One of the more curious strategies I’ve encountered over the years has been the “anonymous” vocation discernment group. Boston seems to be moving beyond that trend, in its “collaborative” (see cluster) plan.
Each collaborative will develop a plan for identifying candidates for the priesthood, praying with them and mentoring them to accept vocations.
I think it’s up to any individual to determine how “public” to make their discernment. When I was in such a group for a year, I told many people. I told the woman I was dating–it seemed only fair. We maintained a close friendship that, on the romance front, didn’t “go anywhere” because of my own being up-in-the-air. My friend was respectful of that. But by the time I had given the men’s group a year and assessed I was not seminary-bound, my friend discerned another path, too. The line from the Billy Joel song came to mind …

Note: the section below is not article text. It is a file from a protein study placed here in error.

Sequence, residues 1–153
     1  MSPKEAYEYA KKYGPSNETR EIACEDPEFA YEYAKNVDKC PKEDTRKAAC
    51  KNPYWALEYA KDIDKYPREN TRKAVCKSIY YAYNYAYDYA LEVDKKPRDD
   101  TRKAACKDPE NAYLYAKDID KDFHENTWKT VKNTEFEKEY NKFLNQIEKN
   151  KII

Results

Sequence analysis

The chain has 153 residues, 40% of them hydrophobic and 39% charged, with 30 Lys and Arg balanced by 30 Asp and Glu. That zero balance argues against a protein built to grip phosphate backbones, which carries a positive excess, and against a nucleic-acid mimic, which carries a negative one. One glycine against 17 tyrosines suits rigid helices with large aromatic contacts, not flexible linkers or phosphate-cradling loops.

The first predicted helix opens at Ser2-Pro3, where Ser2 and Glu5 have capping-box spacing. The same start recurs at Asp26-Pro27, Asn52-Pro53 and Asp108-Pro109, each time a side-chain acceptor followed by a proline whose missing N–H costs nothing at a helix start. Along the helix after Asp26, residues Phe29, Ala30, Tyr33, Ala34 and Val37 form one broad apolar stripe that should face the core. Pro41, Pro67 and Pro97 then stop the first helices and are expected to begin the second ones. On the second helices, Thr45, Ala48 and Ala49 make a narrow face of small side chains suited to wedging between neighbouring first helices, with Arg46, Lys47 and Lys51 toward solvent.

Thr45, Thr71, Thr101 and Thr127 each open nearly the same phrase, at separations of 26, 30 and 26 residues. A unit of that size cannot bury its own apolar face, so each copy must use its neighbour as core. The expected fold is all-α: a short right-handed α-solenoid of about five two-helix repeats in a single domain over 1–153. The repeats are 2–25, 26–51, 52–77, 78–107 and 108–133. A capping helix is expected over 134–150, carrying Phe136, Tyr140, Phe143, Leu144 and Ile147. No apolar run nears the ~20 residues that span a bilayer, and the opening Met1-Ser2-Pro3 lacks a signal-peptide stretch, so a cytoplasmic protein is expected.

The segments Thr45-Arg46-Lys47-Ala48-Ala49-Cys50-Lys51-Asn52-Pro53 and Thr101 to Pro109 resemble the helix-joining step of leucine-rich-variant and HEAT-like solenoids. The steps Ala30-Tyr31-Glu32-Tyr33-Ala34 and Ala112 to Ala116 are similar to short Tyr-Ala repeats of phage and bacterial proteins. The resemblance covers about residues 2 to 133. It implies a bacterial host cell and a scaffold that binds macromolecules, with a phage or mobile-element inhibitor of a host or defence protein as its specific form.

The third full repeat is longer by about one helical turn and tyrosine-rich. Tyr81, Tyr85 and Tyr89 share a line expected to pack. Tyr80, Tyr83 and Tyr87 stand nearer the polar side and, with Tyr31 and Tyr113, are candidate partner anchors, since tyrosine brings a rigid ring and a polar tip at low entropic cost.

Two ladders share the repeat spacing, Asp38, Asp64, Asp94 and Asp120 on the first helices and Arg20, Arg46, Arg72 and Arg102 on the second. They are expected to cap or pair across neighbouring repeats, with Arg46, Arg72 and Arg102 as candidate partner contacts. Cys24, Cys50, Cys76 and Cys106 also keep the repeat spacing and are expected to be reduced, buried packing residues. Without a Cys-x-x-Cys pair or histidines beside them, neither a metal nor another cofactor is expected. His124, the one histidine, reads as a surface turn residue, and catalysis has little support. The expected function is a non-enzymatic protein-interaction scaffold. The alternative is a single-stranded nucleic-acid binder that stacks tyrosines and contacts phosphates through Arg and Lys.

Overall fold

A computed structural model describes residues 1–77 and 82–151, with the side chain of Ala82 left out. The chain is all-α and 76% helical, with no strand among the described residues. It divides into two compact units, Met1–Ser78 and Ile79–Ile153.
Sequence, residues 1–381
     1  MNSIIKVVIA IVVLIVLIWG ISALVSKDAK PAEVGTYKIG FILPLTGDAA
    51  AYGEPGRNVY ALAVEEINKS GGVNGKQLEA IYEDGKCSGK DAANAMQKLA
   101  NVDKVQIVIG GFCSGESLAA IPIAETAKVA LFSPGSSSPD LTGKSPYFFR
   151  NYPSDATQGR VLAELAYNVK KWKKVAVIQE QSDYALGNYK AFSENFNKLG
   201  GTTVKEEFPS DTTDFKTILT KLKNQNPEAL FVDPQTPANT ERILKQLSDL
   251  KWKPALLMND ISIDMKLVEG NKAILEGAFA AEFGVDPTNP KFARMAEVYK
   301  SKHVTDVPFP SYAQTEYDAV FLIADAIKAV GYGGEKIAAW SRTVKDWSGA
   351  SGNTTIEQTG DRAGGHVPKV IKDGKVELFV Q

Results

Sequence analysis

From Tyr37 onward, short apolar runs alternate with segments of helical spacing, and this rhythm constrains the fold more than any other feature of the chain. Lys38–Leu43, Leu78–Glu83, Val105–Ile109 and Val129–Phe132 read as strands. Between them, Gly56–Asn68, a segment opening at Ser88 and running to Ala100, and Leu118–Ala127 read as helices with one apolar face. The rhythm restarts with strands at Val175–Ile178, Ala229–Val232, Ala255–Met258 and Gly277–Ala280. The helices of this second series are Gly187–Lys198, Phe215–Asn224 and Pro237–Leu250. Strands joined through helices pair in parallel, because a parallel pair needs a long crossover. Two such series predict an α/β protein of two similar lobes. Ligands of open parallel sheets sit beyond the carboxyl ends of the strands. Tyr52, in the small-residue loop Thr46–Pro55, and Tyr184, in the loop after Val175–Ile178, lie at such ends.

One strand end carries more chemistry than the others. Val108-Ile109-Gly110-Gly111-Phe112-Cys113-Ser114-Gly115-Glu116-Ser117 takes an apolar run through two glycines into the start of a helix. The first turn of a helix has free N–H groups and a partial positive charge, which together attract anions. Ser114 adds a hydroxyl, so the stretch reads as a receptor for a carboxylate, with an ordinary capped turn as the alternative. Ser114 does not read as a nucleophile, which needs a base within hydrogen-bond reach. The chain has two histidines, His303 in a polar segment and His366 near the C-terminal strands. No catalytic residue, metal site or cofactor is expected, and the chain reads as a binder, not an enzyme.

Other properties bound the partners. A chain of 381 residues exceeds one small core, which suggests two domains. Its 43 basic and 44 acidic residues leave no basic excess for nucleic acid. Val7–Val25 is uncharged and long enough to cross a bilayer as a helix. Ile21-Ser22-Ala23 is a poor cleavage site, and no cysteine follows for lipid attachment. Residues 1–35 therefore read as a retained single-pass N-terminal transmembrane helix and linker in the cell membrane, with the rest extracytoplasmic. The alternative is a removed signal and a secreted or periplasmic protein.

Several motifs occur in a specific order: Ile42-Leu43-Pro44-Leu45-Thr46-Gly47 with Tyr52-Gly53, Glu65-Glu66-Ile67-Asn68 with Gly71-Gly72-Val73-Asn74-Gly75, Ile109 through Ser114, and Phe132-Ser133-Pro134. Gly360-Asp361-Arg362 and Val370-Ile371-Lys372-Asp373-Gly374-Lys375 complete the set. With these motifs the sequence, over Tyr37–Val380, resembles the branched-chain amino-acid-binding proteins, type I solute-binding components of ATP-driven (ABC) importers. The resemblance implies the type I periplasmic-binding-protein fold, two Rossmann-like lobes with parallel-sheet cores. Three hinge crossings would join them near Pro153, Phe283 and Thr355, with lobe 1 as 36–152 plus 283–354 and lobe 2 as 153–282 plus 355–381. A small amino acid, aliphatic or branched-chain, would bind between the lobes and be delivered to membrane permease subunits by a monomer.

A girl like that won’t tell you what you should do.
I don’t think they have material in the psalms to cover those kinds of romance-lost experiences.
Once when I spoke with a young priest who was leading such a group a few years ago, I asked about the “secrecy” surrounding his guys. He said that some “girlfriends” might not appreciate the participation of some of the guys. Girlfriends? What’s that other song’s line? “Things that make you go, ‘hmm.'”
Anyway, it seems that there’s a potential loss either way you go. Do vocations flourish in support or secrecy? Does one approach fit all? Do we assume that young women are hostile to the possibilities for their boyfriends? Whatever candidates might avoid in terms of criticism or lack of support, they might gain in encouragement, as Boston seems to be aiming. I know there are a few clergy reading this. Is there a separate conservative and progressive approach? I’m curious if it falls along the lines of traditional/private/pessimistic and liberal/open/optimistic. Cardinal Mahony supporters, line it up, and hush.